15. A process as claimed in claim 11 in which the rubber is degraded natural rubber.

16. A process as claimed in claim 11 in which the rubber has a molecular weight of at least 1,000.

17. A process as claimed in claim 11 in which the rubber has a molecular weight of 1,000 to 100,000, and said monomer is essentially said lower ester.

18. A process as claimed in claim 11 in which the rubber is degraded rubber having a reduced viscosity as defined of from 0.2 to 0.5, andsaid monomer is essentially said lower ester.

19. A process as claimed in claim 11 in which the rubber is degraded rubber having a reduced viscosity as defined of from 0.25 to 0.35, and said monomer is essentially said lower ester.

20. A polymer dispersion produced by a process of claim 11.

21. A coating composition comprising a polymer dispersion of claim 20.

22. A coating composition comprising a polymer dispersion produced by a process of claim 18, a plasticiser and a pigment.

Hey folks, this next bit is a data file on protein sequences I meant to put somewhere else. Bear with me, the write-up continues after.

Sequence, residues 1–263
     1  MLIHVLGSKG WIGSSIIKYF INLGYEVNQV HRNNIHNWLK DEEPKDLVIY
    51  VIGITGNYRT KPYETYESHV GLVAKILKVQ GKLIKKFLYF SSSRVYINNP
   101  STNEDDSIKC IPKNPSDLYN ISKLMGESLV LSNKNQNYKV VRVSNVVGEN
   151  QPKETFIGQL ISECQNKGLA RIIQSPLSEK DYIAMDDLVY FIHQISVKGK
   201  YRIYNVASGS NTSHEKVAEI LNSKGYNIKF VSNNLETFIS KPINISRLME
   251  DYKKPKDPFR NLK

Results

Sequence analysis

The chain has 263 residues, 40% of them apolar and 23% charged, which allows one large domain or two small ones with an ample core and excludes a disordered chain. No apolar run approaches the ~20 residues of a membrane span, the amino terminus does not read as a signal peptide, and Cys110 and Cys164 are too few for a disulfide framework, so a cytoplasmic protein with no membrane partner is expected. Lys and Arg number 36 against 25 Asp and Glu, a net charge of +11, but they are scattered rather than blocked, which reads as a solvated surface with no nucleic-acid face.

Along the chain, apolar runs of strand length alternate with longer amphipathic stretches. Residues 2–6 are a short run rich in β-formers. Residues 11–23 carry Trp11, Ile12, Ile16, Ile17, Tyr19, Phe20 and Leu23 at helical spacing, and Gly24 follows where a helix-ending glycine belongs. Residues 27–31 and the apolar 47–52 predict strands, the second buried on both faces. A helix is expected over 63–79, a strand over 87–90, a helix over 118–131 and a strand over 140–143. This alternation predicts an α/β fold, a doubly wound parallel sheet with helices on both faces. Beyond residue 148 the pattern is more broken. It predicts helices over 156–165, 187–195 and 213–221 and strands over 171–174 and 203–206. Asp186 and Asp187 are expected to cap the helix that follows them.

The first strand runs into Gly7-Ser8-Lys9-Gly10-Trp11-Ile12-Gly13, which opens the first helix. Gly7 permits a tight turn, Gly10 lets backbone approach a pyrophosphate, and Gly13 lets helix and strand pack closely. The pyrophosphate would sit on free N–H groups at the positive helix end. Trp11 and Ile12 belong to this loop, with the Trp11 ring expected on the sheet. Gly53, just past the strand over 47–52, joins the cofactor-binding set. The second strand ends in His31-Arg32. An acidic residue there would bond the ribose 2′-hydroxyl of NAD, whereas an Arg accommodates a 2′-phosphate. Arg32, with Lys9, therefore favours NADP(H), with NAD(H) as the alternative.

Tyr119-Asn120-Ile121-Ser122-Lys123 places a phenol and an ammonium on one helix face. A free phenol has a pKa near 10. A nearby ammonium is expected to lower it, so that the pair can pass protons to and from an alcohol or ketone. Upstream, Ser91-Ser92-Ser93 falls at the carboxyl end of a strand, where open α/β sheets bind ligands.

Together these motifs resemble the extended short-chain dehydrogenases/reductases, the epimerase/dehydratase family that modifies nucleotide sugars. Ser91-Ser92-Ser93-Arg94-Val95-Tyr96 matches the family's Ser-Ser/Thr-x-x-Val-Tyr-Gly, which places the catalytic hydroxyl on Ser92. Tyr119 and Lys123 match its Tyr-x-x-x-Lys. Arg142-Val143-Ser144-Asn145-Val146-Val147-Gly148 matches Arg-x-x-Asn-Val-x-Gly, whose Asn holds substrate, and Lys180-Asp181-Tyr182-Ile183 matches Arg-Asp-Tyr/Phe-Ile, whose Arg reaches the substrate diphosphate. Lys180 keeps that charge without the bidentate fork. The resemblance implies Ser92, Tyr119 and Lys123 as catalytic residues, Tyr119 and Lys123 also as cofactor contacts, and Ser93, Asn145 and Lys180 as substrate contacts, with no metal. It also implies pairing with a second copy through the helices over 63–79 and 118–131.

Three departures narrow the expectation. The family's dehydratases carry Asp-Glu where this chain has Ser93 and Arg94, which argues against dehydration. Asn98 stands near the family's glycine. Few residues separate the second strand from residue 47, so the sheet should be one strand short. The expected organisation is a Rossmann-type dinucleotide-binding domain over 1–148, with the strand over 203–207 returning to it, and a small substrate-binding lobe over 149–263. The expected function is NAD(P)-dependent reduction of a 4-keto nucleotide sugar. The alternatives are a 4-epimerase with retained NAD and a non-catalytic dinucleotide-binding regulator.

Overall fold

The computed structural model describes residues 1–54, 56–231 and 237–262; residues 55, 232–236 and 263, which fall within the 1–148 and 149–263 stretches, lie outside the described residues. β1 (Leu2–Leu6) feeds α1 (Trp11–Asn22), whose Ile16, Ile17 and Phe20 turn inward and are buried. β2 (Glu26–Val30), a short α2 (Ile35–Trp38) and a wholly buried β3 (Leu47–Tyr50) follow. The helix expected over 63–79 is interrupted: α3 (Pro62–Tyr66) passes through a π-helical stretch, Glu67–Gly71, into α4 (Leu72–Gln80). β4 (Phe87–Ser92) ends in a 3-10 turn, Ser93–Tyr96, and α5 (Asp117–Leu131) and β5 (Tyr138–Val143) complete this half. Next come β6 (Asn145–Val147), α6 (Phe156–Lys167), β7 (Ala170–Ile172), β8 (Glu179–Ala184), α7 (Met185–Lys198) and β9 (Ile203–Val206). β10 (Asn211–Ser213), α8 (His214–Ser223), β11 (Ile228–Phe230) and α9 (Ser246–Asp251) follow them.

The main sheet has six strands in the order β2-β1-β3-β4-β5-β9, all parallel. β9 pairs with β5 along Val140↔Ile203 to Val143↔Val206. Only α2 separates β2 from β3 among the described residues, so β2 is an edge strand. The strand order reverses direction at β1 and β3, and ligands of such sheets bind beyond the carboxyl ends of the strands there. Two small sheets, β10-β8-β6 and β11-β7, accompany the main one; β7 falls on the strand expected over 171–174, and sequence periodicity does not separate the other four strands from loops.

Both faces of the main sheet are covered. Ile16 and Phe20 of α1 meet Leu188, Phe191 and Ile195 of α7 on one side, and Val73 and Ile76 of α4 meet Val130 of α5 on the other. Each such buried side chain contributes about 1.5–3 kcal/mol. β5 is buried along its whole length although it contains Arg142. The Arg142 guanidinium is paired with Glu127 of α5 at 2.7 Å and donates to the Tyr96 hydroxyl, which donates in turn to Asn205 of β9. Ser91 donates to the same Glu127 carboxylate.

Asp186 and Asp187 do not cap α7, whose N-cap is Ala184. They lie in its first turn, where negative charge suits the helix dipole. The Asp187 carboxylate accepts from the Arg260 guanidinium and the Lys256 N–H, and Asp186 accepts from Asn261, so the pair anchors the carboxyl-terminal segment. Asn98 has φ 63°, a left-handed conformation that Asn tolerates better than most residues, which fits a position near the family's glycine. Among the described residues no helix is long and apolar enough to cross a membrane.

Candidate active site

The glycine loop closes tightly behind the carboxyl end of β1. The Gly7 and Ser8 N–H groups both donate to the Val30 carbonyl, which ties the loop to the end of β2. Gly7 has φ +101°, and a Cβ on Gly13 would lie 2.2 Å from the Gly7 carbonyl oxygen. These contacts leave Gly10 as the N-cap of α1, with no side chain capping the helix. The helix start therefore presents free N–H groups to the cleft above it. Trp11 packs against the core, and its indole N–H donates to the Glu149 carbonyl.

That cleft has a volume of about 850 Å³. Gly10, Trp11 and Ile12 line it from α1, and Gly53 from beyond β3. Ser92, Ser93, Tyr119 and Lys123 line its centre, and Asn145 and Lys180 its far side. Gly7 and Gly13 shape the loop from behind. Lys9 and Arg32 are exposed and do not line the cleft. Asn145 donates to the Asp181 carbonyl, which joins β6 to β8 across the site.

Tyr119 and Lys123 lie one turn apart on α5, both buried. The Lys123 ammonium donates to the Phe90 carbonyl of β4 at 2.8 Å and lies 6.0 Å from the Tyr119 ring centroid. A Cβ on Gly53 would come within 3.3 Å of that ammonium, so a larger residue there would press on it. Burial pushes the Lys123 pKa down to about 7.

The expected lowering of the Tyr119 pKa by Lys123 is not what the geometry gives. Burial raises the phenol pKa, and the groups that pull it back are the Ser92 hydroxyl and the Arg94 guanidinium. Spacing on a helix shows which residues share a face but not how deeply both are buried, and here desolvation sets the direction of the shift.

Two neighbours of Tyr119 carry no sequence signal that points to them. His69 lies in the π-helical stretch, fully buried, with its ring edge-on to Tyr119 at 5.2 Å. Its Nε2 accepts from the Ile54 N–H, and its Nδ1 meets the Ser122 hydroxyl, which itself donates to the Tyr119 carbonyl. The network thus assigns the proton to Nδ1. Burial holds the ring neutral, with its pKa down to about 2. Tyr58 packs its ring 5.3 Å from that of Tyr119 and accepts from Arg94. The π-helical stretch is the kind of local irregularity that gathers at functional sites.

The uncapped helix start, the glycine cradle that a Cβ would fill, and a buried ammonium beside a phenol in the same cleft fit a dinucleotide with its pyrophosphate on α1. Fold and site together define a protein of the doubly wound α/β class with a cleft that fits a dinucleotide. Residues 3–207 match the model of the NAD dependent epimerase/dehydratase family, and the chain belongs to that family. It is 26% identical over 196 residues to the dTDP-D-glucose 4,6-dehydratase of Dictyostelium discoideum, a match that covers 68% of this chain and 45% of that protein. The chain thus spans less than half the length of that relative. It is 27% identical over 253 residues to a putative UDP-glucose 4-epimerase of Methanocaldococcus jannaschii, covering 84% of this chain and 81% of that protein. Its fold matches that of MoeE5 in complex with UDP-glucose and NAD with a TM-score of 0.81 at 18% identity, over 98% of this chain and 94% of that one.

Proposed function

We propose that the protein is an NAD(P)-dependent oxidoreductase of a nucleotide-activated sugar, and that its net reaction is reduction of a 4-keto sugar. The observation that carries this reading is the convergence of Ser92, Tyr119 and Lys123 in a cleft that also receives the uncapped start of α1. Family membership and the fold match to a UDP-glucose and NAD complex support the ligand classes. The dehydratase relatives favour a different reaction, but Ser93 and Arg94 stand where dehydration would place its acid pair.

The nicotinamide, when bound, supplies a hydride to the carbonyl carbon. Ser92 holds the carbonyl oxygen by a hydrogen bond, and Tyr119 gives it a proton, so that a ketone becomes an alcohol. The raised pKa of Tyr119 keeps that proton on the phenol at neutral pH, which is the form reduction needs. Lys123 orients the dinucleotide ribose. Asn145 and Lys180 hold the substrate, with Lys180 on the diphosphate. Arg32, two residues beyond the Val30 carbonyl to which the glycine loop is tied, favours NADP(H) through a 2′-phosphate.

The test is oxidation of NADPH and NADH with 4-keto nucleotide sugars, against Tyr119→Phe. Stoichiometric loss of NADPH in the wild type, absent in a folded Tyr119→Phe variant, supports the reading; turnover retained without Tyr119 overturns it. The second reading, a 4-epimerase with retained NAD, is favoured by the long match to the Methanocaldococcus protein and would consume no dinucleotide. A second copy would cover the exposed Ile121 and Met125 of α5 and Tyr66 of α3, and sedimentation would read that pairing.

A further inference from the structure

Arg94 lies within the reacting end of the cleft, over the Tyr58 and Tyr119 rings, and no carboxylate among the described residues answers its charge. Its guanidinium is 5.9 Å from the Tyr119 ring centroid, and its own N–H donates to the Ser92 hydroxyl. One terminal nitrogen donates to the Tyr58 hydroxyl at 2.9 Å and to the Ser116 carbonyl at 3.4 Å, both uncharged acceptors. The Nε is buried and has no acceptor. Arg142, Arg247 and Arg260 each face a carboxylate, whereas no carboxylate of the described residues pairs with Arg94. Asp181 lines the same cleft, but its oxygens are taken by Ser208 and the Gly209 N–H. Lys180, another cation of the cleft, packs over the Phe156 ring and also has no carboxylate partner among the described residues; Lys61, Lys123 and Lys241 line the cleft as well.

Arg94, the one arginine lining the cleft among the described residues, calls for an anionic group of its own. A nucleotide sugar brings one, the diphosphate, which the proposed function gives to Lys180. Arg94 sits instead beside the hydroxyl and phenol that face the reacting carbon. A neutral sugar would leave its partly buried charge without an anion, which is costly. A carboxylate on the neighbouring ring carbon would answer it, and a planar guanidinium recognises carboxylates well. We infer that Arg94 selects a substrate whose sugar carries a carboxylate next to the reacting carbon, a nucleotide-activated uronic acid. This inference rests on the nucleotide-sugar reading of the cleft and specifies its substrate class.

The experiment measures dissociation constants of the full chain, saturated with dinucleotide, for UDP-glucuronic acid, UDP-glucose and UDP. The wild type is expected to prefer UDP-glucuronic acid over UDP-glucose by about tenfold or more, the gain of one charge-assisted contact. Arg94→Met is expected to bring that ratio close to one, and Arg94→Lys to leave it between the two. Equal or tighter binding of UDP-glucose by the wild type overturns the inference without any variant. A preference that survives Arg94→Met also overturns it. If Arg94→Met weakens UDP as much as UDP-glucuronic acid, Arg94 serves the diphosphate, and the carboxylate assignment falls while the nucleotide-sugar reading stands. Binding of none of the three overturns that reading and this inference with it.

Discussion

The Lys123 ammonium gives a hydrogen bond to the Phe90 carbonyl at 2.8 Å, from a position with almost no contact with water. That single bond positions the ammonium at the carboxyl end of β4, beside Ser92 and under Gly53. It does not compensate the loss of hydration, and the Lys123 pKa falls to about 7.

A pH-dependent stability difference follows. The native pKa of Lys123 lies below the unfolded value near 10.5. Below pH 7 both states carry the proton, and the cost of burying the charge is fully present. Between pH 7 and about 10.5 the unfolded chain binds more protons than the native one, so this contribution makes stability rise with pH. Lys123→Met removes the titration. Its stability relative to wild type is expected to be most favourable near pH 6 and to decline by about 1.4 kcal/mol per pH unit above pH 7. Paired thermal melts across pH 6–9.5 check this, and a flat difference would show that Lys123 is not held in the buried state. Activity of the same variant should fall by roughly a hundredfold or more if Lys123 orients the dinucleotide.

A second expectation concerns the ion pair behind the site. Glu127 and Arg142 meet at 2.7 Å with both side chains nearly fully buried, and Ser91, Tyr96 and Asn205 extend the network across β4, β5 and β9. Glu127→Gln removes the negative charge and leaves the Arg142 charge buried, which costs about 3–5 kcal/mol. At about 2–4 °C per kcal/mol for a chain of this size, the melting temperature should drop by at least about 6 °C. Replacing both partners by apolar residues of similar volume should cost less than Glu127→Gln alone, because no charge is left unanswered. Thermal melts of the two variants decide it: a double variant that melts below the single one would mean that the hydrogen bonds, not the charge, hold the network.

References Cited in the file of this patent UNITED STATES PATENTS 2,097,263 Strain Oct. 26, 1937 2,275,951 Farmer Mar. 10, 1942 2,556,158 West June 12, 1951 2,561,951 Roberts July 24, 1951 2,656,297 Davis et al. Oct. 20, 1953 2,731,439 Jones et a1, Jan. 17, 1956 2,744,085 Hubbard May 1, 1956 2,753,285 Thomson July 3, 1956 2,838,456 Banes et al. June 10, 1958 2,843,561 Ingley et al. July 15, 1958 2,916,465 Reese Dec. 8, 1959 2,946,702 Bach July 26, 1960 2,966,474 Jurgeleit Dec. 27, 1960 FOREIGN PATENTS 593,072 Great Britain Oct. 8, 1947

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Classifications
U.S. Classification524/560, 525/315, 525/310, 524/556, 524/565, 525/301, 524/555, 525/296, 524/924
International ClassificationC08F279/02
Cooperative ClassificationC08F279/02, Y10S524/924
European ClassificationC08F279/02